After discovering that Plutarco is a musician, the captain reveals that he, too, is a great lover of music, and releases the old don. However, he refuses to return the violin; if Don Plutarco wants to play, he says, let him come back the next day, when the captain will have the time and inclination to enjoy another performance. Don Plutarco, who has hit upon the brilliant scheme of concealing the contraband weapons in his violin case, has no choice but to return. An excruciating game of cat-and-mouse ensues, as the old man tries to keep up the appearances of friendship with his enemy, all the while slipping by with the hoarded weapons — one violin case at a time.
While clearly portraying the devastating effects of violence and oppression on those who oppose the lawless military, Vargas’s story carefully avoids the claim that such resistance is either right or wrong, misguided or heroic. And although the film meanders a bit in the first third, the moment the dueling roles of Don Plutarco and the captain come into focus, Vargas’s storytelling becomes much more assured.
A great deal of the credit for this transition must be given to Ángel Tavira, the octogenarian who plays Don Plutarco. Unbelievably, Tavira had never acted before, and his performance here, which won him the Best Actor award at Cannes, was the only film role he ever played. (A talented violinist who lost his hand at 13, yet still went on to live a fruitful life as a teacher and performer, he passed away last June.)
A word of warning: The film’s opening sequence, where military interrogators violently assault a group of female prisoners in an effort to make their fellow rebels talk, is hard to stomach, and far more graphic than the remainder of the film. From the story’s very beginning, Vargas is trying to impress upon the audience the level of brutality and violence that has caused these simple farming folk to rebel, and this is undeniably an effective (if disturbing) way of doing so.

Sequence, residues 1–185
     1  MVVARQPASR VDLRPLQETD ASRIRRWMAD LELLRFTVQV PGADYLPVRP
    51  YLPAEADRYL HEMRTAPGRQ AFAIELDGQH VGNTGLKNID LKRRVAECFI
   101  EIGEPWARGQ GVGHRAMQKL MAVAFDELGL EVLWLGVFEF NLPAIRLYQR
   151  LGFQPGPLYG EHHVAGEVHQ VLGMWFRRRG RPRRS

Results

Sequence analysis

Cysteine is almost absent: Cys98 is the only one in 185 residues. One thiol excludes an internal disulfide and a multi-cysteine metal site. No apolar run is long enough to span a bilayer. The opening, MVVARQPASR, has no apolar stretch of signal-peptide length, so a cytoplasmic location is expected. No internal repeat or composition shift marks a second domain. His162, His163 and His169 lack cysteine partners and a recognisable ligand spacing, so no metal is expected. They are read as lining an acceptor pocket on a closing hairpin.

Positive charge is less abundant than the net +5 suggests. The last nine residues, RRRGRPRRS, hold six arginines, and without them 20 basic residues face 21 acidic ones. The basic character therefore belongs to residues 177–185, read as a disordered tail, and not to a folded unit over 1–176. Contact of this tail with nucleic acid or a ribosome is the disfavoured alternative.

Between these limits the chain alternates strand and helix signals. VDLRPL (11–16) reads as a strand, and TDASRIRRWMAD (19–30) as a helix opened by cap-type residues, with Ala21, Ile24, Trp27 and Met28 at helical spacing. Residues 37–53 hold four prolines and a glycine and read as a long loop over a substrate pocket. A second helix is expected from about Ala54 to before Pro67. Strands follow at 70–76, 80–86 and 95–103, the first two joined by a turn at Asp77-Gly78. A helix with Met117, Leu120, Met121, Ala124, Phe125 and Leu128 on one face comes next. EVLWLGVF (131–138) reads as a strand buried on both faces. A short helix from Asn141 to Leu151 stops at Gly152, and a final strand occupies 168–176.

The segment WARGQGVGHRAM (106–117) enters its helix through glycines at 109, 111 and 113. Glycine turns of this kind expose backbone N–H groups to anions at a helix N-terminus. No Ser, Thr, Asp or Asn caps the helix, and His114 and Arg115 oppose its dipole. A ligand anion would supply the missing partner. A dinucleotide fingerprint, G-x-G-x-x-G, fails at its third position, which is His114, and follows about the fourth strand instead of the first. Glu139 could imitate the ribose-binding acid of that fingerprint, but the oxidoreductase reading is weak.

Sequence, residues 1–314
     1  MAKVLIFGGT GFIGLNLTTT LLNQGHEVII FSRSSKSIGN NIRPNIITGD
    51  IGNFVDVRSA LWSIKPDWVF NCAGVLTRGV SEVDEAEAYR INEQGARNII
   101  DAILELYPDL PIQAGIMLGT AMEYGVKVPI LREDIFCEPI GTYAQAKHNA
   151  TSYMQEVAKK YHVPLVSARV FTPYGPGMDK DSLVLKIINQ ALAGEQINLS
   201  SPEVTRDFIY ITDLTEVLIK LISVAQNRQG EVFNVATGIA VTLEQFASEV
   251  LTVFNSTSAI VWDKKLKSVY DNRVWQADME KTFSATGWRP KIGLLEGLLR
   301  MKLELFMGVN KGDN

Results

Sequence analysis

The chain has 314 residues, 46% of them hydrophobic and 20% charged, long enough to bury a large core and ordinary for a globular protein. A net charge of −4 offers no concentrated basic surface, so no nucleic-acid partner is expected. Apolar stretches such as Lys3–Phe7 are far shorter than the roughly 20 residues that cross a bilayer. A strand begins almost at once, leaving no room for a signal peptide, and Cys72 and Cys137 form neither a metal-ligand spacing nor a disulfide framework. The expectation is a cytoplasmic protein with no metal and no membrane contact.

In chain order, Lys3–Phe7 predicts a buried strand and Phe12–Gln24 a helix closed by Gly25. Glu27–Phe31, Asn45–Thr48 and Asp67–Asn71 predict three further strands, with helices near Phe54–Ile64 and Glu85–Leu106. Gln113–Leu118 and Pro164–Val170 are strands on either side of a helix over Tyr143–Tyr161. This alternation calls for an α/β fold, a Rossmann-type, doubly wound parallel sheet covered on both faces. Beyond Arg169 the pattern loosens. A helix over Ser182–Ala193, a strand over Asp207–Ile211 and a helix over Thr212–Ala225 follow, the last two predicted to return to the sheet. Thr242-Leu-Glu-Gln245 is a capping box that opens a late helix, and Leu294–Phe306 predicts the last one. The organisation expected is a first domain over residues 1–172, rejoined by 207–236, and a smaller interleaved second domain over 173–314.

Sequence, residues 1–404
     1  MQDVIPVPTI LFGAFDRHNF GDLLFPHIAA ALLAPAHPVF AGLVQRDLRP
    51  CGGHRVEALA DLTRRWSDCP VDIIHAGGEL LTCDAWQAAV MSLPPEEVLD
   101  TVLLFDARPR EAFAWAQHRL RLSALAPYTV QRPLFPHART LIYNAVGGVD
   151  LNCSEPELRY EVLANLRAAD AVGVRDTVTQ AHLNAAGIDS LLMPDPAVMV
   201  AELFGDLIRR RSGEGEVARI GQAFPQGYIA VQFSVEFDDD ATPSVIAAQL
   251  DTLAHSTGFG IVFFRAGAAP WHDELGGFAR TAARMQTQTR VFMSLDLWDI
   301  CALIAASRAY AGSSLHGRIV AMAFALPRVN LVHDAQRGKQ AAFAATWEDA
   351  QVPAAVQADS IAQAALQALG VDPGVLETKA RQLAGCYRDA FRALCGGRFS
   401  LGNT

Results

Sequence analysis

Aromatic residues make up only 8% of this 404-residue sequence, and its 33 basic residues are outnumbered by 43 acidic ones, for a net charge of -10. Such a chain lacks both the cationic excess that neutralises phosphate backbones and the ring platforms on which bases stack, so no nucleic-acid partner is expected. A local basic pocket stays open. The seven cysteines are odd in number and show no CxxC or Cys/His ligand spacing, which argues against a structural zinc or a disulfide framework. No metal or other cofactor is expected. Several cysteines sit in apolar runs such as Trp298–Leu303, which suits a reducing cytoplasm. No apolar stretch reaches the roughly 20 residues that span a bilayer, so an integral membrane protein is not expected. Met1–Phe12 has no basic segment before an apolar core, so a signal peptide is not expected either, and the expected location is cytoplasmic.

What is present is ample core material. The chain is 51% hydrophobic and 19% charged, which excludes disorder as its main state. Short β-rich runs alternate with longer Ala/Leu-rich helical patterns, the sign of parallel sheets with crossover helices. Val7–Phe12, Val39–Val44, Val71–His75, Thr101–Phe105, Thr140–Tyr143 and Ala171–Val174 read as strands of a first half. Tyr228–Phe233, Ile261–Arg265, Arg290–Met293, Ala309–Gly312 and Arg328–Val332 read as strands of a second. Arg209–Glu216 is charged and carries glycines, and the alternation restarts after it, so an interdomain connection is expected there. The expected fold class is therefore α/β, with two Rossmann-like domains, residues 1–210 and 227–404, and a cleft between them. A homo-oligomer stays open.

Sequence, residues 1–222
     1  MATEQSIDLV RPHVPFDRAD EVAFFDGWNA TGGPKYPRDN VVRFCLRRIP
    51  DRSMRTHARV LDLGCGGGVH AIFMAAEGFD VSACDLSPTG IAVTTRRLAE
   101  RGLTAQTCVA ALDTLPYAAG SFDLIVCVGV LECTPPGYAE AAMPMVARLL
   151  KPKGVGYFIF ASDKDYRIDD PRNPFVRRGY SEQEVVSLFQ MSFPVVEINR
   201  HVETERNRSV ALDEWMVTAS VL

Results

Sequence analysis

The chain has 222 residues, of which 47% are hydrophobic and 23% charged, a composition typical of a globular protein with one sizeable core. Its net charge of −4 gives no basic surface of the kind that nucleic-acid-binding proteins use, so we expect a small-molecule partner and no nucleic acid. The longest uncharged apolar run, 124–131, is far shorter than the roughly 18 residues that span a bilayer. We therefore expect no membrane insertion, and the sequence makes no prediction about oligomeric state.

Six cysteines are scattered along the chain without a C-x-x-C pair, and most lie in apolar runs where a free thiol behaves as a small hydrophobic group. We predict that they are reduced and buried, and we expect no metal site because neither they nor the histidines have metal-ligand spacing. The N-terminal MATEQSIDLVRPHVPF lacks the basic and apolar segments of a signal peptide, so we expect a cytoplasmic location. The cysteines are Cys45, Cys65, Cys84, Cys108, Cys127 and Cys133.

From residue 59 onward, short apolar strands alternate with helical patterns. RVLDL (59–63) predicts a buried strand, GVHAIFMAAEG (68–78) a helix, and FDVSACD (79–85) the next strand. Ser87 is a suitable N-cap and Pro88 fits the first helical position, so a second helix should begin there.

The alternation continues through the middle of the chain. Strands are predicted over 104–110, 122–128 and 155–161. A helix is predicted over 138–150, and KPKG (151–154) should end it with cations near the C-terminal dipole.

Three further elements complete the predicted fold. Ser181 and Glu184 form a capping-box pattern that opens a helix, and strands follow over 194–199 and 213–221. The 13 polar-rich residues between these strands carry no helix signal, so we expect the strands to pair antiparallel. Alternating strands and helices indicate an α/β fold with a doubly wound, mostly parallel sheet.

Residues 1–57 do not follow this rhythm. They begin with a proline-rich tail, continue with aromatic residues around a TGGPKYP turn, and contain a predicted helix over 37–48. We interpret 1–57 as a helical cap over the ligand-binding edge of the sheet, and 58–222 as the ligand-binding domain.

Interestingly, Vargas never again allows himself to dwell on the brutality underlying the film’s message of resistance in the face of unjust oppression, scrupulously avoiding nearly every opportunity for violence the story presents him. The penultimate scene in the film, in particular, would seem to call out for a resolution consistent in tone with the opening sequence, but Vargas refuses to take that route, choosing instead a more ambiguous (and finally, more thought-provoking) ending.
The audience is clearly meant to sympathize with the rebels and to respond sympathetically to those working-class patriots that spend their lives battling brutal military officers and corrupt government policies. But Vargas is not satisfied with being quite that obvious. While presenting a story that clearly underscores the value (and perhaps even inevitable nature) of armed resistance, he juxtaposes it with the debilitating emotional consequences of that same resistance. The haunting final scene brings both sides together in a single moment that is simultaneously disconcerting and hopeful — one last complex message in a film filled with many complex, conflicting messages.

Joseph Susanka writes from Lander, Wyoming.


  • Joanna Bogle

    Joanna Bogle is a writer, biographer, and historian. She relishes the new translation of the Mass, the Ordinariate of Our Lady of Walsingham, her own excellent local Catholic parish, traditional hymns (especially, perhaps, Anglican ones) rain, good literature, sleep, the English coast, Autumn, buttered toast, and a number of other things too precious and important to list here. Visit her blog.